The conversation went something like this:
Steve: Can I talk about film?
Hin: Yes! Talk about film. I like film. I am buying many film cameras!
Steve: Can I talk about old lenses?
Hin: Yes! Talk about old lenses. I like old lenses. I am buying many old lenses!
Steve: Can I talk about darkroom and hybrid (figital) processing?
Hin: Yes! Talk about darkroom. I am taking a darkroom class!
Steve: Can I talk about Large Format (view camera) photography?
Hin: Yes! Please talk about large format! You have a real cool looking view camera!
So, here I am and for my inaugural post I am going to talk about darkroom. More specifically, I am going to talk about darkroom disasters. As I mentioned, I am an old guy and am stuck in my ways. I really like my film cameras and I really like working with film. While I do very little enlarging/wet printing, I do process my own B&W negatives. This is the sad story of artistic expression, human desire, wishful thinking, and how all of these impact good darkroom practice.
So, to set the stage, let me tell you a little bit about my choice of developer. Hot topic, eh? Well, I am particularly fond of a premixed liquid concentrate called Edwal FG-7. This developer has a long and honorable history dating back to at least the late 1970s when I first started using it. Ansel Adams mentioned it in one of his books. It must be good and I can tell you from personal experience that it is good. Here is why I like it:
- Easy to use liquid concentrate. You mix up a working solution fresh only when you need it.
- One quart is good for about 60 rolls of 35mm film
- It is a "compensating" developer meaning that it supports retention of shadow detail while avoiding blocked-out highlights
- It provides high acuitance and fine grain (sharp, clear images)
- It does all of the above while providing about double the box film speed (ISO)
Old Developer and Wishful Thinking
I was out this last weekend at Mount St. Helens and conditions were great for photography. The skies were clear, the clouds were puffy, and the volcano was in full view. I got off several good shots to finish off a roll of Rollei Retro 100 (aka Agfa APX 100) and was very anxious to see the results of my labor. When I got home I loaded up the daylight tank and laid out my processing stuff. Everything was going fine until I started to prepare a working solution from the last couple of ounces of developer in the bottle of FG-7 that I had been nursing for the last year or so. What poured out looked, for lack of a more appropriate public term, disgusting.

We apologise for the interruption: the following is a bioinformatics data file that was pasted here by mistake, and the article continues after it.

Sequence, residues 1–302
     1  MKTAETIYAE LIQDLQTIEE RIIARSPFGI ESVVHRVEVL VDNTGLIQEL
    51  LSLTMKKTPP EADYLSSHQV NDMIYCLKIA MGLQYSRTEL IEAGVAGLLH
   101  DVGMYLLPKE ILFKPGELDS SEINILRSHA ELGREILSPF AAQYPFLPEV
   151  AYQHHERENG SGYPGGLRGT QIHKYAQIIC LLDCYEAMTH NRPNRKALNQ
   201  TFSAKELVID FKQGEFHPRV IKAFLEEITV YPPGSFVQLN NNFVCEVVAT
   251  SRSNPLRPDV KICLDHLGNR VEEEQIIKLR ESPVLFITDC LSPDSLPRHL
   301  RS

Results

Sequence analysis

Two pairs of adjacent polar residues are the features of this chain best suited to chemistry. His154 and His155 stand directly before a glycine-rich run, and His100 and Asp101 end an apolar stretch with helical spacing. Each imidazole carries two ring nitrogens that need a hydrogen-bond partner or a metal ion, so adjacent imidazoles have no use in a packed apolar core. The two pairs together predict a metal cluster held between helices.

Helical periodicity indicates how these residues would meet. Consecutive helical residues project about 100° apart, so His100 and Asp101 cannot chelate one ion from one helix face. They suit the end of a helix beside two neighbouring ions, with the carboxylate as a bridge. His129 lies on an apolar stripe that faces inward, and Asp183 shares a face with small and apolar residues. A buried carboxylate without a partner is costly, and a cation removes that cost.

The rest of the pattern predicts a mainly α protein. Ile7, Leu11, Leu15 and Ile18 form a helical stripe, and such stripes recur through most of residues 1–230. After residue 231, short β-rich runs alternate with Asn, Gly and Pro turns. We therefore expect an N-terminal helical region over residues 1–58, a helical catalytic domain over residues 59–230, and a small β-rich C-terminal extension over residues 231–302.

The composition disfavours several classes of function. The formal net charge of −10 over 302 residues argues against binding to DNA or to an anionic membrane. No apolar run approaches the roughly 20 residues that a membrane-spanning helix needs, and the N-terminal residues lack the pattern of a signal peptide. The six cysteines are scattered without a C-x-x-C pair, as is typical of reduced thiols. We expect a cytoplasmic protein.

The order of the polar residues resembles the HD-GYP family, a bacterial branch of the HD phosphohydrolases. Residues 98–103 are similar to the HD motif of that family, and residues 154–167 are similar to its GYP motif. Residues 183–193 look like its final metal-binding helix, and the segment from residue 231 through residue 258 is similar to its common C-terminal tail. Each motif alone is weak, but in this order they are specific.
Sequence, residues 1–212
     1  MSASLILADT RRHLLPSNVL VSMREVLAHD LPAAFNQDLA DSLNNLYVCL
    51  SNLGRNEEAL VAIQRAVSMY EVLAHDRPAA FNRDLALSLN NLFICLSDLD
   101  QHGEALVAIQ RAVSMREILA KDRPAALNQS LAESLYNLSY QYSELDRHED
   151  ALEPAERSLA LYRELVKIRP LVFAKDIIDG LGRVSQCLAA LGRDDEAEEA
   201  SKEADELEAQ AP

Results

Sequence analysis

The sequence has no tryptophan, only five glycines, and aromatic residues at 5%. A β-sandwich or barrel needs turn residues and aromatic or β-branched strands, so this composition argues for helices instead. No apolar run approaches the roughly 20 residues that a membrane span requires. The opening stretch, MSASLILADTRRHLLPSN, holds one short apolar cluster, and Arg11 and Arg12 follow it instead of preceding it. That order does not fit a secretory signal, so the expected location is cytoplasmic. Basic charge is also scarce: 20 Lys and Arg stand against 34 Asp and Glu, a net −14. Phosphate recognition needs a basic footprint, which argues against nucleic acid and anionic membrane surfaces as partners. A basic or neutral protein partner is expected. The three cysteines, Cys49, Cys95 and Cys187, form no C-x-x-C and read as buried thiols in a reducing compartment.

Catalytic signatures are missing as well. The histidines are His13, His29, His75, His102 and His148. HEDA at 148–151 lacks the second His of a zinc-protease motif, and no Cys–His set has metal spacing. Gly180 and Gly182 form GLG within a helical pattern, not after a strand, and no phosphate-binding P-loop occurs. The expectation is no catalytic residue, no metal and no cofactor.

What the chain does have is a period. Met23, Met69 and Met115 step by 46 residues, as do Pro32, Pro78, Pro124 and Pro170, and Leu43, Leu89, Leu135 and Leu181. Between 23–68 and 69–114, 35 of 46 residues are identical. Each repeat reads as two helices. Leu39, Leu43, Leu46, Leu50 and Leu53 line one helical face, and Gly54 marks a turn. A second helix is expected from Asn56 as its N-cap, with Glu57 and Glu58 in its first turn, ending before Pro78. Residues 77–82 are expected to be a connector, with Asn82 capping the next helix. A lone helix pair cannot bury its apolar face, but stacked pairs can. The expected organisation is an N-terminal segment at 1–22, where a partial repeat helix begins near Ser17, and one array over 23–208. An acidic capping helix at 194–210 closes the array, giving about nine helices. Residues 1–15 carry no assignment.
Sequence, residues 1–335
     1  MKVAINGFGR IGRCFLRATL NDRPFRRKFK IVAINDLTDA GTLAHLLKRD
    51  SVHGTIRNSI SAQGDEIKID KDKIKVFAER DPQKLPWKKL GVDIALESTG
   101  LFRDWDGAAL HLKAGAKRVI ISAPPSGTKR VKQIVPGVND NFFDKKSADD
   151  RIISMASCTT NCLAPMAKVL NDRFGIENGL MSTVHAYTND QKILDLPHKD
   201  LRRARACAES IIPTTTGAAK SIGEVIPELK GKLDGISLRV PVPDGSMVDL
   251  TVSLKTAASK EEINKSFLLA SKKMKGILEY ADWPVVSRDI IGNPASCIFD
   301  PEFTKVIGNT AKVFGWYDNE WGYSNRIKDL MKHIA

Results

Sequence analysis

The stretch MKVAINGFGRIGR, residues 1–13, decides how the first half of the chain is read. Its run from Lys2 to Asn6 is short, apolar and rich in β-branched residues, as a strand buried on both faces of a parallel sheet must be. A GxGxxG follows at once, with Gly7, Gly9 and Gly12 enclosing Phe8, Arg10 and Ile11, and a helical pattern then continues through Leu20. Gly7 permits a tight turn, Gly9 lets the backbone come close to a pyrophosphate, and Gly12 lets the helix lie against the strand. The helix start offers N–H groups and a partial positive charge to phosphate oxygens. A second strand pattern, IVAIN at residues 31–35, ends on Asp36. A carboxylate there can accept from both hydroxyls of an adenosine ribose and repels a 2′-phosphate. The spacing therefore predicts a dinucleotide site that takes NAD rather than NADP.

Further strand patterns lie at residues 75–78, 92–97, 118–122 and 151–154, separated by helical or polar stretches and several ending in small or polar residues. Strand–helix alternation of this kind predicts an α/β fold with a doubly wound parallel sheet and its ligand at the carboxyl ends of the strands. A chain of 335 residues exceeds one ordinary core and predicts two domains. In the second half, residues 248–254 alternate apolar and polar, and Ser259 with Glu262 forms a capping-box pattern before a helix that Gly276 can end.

When developer goes starts to go bad, it turns to various shades of brown. The darker the color, the worse things are. The color of what came out of the bottle was the color of yesterday's coffee. Hmmmm, I said to myself, I must have forgotten to put a shot of canned air into the bottle to displace the oxygen the last time I used the stuff. Reasoning that it was concentrate and should look concentrated, I went ahead and did the 1:15 dilution to a working solution. That looked better, but still was the color of half-strength cola. It was decision time. I was now out of developer and the replacement bottle was backordered at Freestyle Photo. I really wanted to see my pictures. I carefully formed a rational in my head that went something like this:
"It can't be that bad...it will probably work just fine...I will just add 10% development time and everything will turn out great. This will be sort of a test to see if bad looking developer really is bad."
Is Bad-looking Really Bad?
I can affirm that if developer looks bad, it truly is bad. Even with extra processing time, most of the negatives were painfully thin and underdeveloped. To add additional injury, there apparently was some sort of precipitate that settled on the emulsion that shows on the scans like a thick scattering of fine dust. No, it does not clean off...I tried. Of the 30 exposures on the roll, only two were worth doing anything with. Here is an example of one of the bad ones:
Yes, the reflections and sky looks pretty nice. Too bad that is all there is. There should have been lots of detail in the foliage. Notice all the specks? So the answer is, Bad looking is Bad...Really Bad!
A Shot At Redemption
While most of the roll was ruined, the last several frames were actually not too bad and worth saving. I figure they were in the direct path of the developer as it was poured into the tank and had the benefit of whatever goodness and strength was left. Here is the best of the two after a fair amount of attention in scanning, a fair amount of post-processing in Lightroom and a lot of time spotting the specks from the image.
|"Sand Ladder", Windy Ridge, Mount St. Helens|
While all was not quite lost, I made the following resolutions:
- Don't use nasty looking developer
- Aliquot the FG-7 into well-sealed smaller containers to allow for better shelf life after opening
- Be religious about purging oxygen from partially used bottles of developer concentrate
- Don't do testing on images that might be worth having
- Order next bottle of developer when the current one is half empty
My apologies to Hin for being so wordy on my initial post. I also hope he has a good sense of humor regarding him talking me into contributing here! The above "conversation" at the beginning of the article is a complete fabrication on my part.